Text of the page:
Talk about simple. Investing doesn’t get much simpler than The Permanent Portfolio: Harry Browne’s Long-Term Investment Strategy (Wiley, 2012). Craig Rowland and J. M. Lawson explain how to implement the 25%-25%-25%-25% (stocks, bonds, cash, gold) asset allocation strategy that Harry Browne recommended in his 1987 book Why the Best Laid Investment Plans Usually Go Wrong.
Browne assumed that financial markets are uncertain, which to him meant that no can predict what the market is going to do next and, as a corollary, that no one can time the market. He also admonished investors not to depend on any one investment, institution, or person for their financial safety. He even urged investors to keep some of their assets outside the country in which they live as protection against natural or manmade disasters and “against a government that may try to solve its financial problems by confiscating citizens’ private property.” (p. 11)
The Permanent Portfolio is a steady Eddie performer. Starting in 1972 after the gold standard ended and then looking at annualized real returns by decade (ending in 2009), the Permanent Portfolio returned +5.7%, +4.7%, +4.3%, and +4.2% with less volatility than competing portfolios. A 75/25 portfolio returned -2.3%, +10.5%, +12.4%, and -1.2%; a 50/50 portfolio -2.1%, +9.1%, +9.8%, and +0.6%; and a 25/75 portfolio -2.0%, +7.6%, +7.2%, and +2.2%.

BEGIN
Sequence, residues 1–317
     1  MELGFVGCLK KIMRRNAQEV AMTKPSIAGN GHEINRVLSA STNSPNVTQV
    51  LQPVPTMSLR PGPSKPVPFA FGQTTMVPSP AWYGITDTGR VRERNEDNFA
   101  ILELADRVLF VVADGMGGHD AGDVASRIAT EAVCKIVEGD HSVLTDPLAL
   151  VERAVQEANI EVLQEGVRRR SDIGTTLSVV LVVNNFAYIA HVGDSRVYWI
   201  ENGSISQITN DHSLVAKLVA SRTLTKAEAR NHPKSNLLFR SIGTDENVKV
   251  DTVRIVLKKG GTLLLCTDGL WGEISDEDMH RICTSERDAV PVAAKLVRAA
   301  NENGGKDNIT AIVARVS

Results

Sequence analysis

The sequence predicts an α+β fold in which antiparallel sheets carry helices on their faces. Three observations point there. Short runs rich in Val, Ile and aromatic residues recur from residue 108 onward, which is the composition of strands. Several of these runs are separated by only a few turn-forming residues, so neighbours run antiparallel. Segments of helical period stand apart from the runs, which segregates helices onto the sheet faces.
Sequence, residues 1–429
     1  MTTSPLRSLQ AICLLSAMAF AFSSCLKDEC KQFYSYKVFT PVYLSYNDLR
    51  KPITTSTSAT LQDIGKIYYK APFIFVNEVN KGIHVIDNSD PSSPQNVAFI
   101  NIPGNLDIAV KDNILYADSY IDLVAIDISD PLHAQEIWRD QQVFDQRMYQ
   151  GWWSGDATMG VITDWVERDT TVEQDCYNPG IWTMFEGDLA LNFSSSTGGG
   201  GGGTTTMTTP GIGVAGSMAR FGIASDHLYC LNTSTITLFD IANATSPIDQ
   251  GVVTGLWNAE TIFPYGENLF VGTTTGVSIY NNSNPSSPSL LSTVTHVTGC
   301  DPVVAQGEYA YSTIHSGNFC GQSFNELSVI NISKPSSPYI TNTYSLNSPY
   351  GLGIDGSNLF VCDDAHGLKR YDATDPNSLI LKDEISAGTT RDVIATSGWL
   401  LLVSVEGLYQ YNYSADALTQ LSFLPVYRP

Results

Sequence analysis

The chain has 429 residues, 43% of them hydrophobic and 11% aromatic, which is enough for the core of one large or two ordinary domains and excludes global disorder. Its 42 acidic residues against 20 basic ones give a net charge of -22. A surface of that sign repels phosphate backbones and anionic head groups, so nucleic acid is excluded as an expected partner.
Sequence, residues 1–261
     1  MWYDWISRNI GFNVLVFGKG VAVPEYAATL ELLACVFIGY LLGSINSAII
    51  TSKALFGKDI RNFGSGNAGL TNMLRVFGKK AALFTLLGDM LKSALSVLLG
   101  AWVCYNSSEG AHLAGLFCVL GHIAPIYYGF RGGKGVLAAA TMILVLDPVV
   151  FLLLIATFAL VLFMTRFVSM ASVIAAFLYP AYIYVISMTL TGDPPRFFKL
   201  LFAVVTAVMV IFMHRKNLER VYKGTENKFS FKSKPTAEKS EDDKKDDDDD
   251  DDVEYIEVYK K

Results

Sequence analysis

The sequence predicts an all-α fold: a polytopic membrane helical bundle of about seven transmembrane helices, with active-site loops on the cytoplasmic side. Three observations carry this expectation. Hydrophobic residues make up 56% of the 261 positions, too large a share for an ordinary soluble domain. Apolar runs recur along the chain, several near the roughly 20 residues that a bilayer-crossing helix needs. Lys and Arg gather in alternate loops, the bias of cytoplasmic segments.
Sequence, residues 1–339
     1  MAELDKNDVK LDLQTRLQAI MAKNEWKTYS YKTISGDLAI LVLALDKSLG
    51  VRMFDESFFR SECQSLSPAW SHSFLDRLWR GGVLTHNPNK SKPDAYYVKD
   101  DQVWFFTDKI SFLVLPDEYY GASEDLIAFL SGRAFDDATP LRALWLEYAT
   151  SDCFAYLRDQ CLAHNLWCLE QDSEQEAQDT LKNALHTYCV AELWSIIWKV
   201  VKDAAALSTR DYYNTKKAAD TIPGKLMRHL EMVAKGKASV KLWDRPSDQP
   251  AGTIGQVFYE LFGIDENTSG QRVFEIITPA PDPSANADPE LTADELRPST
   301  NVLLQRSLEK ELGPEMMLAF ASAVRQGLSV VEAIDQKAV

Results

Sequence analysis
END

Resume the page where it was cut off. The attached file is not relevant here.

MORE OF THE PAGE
Although there is a Permanent Portfolio mutual fund (with a different allocation: 20% gold, 5% silver, 10% short-term Swiss government debt, 15% real estate and natural resource stocks, 15% aggressive growth stocks, and 35% U.S. Treasury bills and bonds) and a new Permanent ETF, the authors suggest that investors, unless they want convenience, can get better diversification geographically and institutionally on their own.
It is somewhat amazing that the authors can fill over 300 pages writing about Browne’s 25-25-25-25 asset allocation strategy, but they manage—and in a way that investors searching for a way to grow their wealth can learn from. For instance, Rowland and Lawson explain rebalancing bands, tax considerations, and buying and storing gold (yes, they suggest holding at least some physical gold and storing part of it locally for emergencies and the rest abroad if you are able).
Browne’s strategy won’t appeal to those who are convinced they can outsmart the markets. It may not even be the best passive asset allocation plan. But it’s certainly better than investing on a wing and a prayer.